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In the Bolivian department of Oruro where Huari beer is produced, women have tended to llamas and sheep for centuries, turning their wool into yarn and weaving that yarn into brightly colored fabric. Work and skills that were always deeply connected to the land, and were passed down from women to their daughters and granddaughters for centuries.
But appreciation for traditional crafts diminished, and those skills became in danger of disappearing. Which is why beer brand Huari got involved. In 2015, the company started organizing workshops and a weaving school, and managed to increase the number of weavers from four to 42.
This month, Huari launched a campaign — #SigoElHilo, or Follow the Thread — to raise awareness of what could be lost. It released limited edition bottles wrapped in woven textiles, and produced four short documentaries portraying the weavers and their process. To solidify the progress that's been made so far, Huari aims to establish protected status for the weavers' craft, and is encouraging people to sign a petition to have fabrics of Bolivian origin declared official cultural heritage.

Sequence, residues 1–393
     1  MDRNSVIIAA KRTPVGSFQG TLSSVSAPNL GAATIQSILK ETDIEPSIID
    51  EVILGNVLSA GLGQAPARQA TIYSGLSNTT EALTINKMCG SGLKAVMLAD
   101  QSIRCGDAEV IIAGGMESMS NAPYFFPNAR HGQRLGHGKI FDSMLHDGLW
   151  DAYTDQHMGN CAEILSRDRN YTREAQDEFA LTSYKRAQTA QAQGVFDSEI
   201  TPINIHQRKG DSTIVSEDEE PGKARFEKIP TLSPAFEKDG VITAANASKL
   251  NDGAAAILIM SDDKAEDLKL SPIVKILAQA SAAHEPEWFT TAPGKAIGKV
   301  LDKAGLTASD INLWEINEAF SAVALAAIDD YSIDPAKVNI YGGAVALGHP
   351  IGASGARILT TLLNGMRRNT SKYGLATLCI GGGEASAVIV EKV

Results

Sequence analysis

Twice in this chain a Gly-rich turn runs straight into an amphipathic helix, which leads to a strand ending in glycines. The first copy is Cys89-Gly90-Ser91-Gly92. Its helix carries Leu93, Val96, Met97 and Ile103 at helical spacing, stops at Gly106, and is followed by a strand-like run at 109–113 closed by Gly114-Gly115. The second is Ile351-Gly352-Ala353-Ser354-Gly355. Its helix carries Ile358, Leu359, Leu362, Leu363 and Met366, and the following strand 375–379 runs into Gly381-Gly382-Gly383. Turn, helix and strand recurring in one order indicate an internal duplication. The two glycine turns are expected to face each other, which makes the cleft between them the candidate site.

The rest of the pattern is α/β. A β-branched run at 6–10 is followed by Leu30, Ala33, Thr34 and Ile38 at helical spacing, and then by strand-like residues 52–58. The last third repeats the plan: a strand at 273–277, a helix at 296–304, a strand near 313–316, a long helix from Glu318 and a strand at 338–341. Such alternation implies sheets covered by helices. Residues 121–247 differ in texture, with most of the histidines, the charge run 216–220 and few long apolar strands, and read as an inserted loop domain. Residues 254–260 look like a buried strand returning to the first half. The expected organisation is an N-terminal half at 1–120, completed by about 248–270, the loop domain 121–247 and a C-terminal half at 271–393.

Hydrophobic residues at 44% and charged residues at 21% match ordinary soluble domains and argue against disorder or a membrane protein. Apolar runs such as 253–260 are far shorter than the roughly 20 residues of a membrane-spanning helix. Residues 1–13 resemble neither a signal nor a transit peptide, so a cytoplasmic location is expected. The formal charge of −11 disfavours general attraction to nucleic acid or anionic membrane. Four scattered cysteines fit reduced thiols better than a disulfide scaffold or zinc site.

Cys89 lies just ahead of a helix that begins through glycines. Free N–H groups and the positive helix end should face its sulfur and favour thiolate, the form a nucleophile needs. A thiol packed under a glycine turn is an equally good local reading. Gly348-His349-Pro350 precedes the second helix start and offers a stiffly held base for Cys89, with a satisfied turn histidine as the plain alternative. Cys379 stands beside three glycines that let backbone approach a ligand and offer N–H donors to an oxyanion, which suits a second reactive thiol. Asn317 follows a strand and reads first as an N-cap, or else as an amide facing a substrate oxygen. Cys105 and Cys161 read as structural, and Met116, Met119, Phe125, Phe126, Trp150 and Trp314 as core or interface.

Celebrating local culture is a proven way for brands to connect to domestic consumers while operating in a hyper-globalized world. And Huari takes the right approach, by not just championing the beauty of Andean textiles, but investing in a community of female weavers and actively protecting their heritage for future generations.
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